Most nights, it works. And it’s great. In two years, we’ve had just one disagreement, worked out the next day. Maybe that’s bad – we’re not being as honest as we should be – or maybe it’s good. Two people, so very different with such completely different expectations of life, putting down their philosophies and morals and ethics and just being family together. I mean, I can’t help but wonder: how many other people have a pleasant and enjoyable meal with their parent most every night of the week?
I never thought my mom could in a million years be part of my lesson to my child of why family is important – in so many ways it is unbelievably ironic – but here she is, and no less a wonderment to herself than to the rest of us. How did Marjorie McFadden, run away from home at 18 to marry and join the war, married six times, and had one child who left home as soon as was possible, how can she be the main story line in the tale of Family? Well, she is. Because we brought her here, and forced her to live among those who love her and refuse to allow her to grow bitter and old. Because she’s a tough old bird, yes, but one who demonstrates again and again a miraculous openness to learning and is learning still and has learned, not a little bit, all those things that are truly stupendous about her only grandchild and the beauty of a true life partnership from Mark and I – something she never got but can surely recognize.
Is she a saint? No, she is no saint. (but neither am I) She is not some storybook kid’s granny who knits and has a secret recipe for chicken soup. She has never knitted or crocheted and we didn’t even bother to put a stove into her house because the microwave was essentially invented for my mother. But, in a certain vein, about certain things, my mother is absolutely fearless. And not only deserves credit for being so, but has valuable lessons to teach all of us.
Well, it’s getting on toward the end of April and it snowed today. Thank goodness this global climate business is all an elaborate hoax. Still, it was a good day. Quiet. A music-focused weekend for Mark and a wish-we-had-a-woodstove weekend for Dylan and me. Movies and books and a lot of talk about the weather.
It’s also Earth Day today, perfect with the snow in April. The Farmers Market was buzzing w/climate-focused tents and children building birdhouses for sale. I checked out Seabreeze’s usual gorgeous display of gourmet what have you and tried to talk a little meat w/George but he seemed somewhat unhappy I’d brought the subject up. I went my way, further convinced that our local success story was definitely a businessman first and a community advocate way down that list.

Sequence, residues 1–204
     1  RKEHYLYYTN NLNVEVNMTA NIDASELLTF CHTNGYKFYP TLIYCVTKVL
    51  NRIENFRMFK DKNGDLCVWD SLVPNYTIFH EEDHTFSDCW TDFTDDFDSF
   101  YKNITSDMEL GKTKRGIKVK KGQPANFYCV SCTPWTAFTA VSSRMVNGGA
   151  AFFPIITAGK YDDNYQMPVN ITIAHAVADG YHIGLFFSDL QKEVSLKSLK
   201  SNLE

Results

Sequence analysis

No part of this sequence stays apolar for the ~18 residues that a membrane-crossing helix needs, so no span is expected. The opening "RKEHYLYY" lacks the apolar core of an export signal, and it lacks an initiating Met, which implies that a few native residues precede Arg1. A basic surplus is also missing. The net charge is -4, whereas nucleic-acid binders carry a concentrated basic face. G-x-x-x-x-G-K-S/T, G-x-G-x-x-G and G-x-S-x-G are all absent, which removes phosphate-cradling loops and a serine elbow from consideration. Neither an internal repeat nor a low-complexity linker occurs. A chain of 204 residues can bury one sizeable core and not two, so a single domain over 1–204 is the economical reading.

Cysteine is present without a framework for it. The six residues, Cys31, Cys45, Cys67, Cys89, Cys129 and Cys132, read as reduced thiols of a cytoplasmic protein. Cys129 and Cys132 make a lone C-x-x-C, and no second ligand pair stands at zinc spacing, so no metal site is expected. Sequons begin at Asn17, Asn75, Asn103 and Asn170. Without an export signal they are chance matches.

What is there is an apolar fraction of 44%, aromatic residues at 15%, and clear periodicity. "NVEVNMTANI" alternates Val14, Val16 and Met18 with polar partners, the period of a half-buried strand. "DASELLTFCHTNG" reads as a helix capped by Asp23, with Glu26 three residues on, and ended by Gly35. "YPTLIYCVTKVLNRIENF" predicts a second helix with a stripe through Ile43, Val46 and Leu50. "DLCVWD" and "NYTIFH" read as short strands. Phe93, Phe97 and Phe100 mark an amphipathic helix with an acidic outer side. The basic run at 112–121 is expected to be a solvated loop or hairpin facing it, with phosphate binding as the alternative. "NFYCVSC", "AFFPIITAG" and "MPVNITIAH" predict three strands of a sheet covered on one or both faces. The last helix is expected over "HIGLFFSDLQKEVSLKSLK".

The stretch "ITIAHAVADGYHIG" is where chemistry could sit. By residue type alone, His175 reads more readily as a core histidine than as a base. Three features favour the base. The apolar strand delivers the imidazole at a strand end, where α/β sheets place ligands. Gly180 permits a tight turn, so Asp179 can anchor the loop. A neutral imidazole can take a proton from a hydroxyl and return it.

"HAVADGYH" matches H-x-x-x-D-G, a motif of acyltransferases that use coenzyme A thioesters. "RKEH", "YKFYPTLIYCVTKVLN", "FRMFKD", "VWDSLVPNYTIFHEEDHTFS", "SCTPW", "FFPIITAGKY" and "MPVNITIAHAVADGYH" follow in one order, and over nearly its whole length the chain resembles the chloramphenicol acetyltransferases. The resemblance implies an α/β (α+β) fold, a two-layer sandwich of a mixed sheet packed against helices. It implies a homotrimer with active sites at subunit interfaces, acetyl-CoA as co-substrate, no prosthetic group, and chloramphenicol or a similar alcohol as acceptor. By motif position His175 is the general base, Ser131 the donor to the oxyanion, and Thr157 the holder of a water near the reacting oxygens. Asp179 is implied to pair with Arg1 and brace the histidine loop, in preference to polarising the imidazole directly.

I’ve been thinking about money a lot lately. Wondering if we can make it on this one-salary business long enough for the farm to start being a contributor to the family income or if I’ll have to work full time again to make the money to put aside to support the farm for a while. Sigh. Time or money. Time or money. Can’t have both. Sometimes can’t have either. Life costs a fortune.
I’ve been thinking of ways to make the farm more of an enterprise. I keep coming back to how much people like being here. What we have here, here on an island in the middle of the Sound, tucked between 2 major cities, is different. It’s special. More than any one product, I keep coming back to the experience of the farm itself as being really what we have to offer people. I always thought that, and my vision has always been to eventually run an upscale B&B-type thing, but now my horizons are broadening. Workshops, Harvest Dinners, Shearing Days. I dunno. There’s got to be some other ways of entertaining people in a way that is profitable and feels good to all sides.
It’s late now, after 10PM, and it’s been a good day. The lambs-in-the-mudroom is beginning to lose its charm. Given that they’re in a playpen, they are up close and personal with their own waste quite a bit and this means they’re pretty odiferous and less cuddly every day. The good news is that Tammy’s goat milk has done wonders for them and they’re growing bigger and more rambunctious all the time. We’d have thrown them out to the shed already, but with snow in the scene, it seems obvious to keep them in the house, at least at night, a few more days. I’m ready for them to cease being entertaining pets and begin their lives as livestock. Our house stinks. The incessant “baa’s” stopped being cute a while ago, and I worry about their ability to transition into being part of the flock.
And that, right there, proves it. Yes, almost three weeks have flown by. We are getting more and more traction into this farming business every day. Mark took a week (which translates into 9 straight days) off from his demanding day job to work with me on projects that have been begging around this place. What a fantastic week! We both felt exhausted and exhilarated by the end. It was so much fun doing stuff together, working in partnership for a common goal, rather than constantly doling out who’s fault it is that things are in the state they are. I have been feeling so disconnected from him these past months and this last week cured that malaise completely.